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Countries Restrict Exports for Security, Control Inflation


Governments around the world are taking steps to safeguard food supplies as inflation soars due to supply-chain disruptions caused by the COVID-19 pandemic and the war in Ukraine.

Food prices have hit all-time highs.

Jon Super/Xinhua/Getty Image


Public discontent over soaring food prices poses political risks for governments, particularly if shortages present themselves in major crop producers. That’s the case with palm-based cooking oil in Indonesia, where there have been public protests against high prices.

“As the world’s largest producer of palm oil, it is ironic that we actually have difficulty getting cooking oil,” said Indonesian President Joko Widodo on April 27, according to an official transcript. “As president, I cannot allow that to happen,” he added ahead of an export ban of the vegetable oil that went into effect on April 28.

There’s a risk that soaring food prices could spur even more protectionist measures across the world, said Nomura economists Sonal Varma and Rangga Cipta in a note on April 26.

“Rising food prices risk more such protectionist measures globally, and could further stoke food price inflation in Asia,” Varma and Cipta wrote.

“This is a real and present concern,” said Jamus Lim, an associate professor of economics at the ESSEC Business School.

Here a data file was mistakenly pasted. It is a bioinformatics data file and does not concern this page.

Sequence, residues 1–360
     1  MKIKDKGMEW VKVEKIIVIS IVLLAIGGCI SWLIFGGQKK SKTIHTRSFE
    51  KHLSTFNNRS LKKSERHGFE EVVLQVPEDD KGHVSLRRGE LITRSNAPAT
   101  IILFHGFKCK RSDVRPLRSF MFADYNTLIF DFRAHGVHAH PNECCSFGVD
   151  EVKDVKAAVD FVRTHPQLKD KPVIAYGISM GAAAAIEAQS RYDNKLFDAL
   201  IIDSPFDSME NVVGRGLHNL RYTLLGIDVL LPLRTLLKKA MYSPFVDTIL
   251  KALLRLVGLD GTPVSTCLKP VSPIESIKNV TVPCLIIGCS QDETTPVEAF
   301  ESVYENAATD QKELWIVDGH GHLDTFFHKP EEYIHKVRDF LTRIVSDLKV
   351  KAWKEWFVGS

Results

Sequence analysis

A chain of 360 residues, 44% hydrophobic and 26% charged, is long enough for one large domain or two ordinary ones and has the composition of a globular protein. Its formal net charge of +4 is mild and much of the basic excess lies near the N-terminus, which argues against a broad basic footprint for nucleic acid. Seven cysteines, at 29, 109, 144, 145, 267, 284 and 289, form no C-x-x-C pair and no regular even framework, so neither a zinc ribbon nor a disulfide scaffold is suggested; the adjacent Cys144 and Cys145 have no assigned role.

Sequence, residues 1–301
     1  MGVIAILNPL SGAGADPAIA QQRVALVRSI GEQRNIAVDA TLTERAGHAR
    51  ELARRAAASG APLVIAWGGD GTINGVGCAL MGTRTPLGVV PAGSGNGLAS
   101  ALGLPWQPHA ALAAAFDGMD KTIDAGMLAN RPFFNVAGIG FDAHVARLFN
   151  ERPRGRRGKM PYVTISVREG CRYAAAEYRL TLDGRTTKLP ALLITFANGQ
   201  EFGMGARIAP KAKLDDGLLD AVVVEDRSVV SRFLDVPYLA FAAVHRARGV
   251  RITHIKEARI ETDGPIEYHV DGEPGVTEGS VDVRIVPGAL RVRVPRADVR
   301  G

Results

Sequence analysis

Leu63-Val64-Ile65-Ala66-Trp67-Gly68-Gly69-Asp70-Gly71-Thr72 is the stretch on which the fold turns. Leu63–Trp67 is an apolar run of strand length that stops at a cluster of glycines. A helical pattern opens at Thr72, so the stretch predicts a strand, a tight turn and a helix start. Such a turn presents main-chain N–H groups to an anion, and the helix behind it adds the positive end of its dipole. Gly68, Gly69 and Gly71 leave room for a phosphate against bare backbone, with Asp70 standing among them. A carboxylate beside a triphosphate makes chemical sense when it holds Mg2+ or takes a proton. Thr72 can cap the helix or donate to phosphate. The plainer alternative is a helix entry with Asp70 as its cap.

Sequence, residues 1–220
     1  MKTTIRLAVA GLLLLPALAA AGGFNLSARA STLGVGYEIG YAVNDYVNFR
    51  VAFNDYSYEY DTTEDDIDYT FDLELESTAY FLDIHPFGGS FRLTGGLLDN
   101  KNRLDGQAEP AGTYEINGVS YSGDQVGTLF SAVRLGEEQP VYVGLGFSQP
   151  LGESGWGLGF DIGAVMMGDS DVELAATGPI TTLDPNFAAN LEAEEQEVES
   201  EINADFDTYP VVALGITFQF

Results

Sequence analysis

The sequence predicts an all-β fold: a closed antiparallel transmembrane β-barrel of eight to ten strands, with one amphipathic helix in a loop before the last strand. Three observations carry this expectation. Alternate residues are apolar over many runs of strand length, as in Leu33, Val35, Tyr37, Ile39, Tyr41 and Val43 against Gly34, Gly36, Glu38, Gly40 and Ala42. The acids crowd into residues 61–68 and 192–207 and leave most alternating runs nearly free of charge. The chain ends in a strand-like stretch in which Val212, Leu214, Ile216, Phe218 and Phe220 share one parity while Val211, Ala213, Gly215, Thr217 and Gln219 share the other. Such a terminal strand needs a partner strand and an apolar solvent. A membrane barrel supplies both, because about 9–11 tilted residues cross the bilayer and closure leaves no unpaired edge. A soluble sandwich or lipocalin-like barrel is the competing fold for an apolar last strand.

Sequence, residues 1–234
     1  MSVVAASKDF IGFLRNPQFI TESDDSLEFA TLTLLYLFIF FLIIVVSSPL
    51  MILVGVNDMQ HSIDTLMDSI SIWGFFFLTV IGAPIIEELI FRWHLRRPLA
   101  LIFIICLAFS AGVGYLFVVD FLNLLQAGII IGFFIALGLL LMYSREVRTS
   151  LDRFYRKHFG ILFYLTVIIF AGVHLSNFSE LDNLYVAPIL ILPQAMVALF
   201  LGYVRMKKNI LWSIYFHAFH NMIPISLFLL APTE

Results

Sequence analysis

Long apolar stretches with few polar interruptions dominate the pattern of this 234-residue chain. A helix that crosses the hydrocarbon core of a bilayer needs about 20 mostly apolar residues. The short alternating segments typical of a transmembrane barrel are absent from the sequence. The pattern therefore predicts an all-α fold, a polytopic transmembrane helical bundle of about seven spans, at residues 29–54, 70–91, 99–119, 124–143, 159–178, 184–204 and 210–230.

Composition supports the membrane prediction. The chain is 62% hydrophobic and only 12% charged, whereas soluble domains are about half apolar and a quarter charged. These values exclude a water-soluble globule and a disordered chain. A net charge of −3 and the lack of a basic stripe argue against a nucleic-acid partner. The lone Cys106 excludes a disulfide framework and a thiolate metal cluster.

The last time the world went through an agricultural commodity price shock was in the aftermath of the global financial crisis from 2007 to 2008. At the time, Ukraine and other major grain exporters restricted exports to protect domestic prices. Major rice exporters India and Vietnam restricted rice exports to counter food inflation.

The scenario could repeat itself, “especially since the situation is complicated by even more factors today, including COVID-19-induced supply chain disruptions and the ongoing Russo-Ukrainian conflict,” Lim told Insider.

Here are five countries that have banned or restricted key agricultural exports in the last year. While most of them imposed measures after the war in Ukraine started, some ramped up existing restrictions to deal with further price surges on the back of the conflict.

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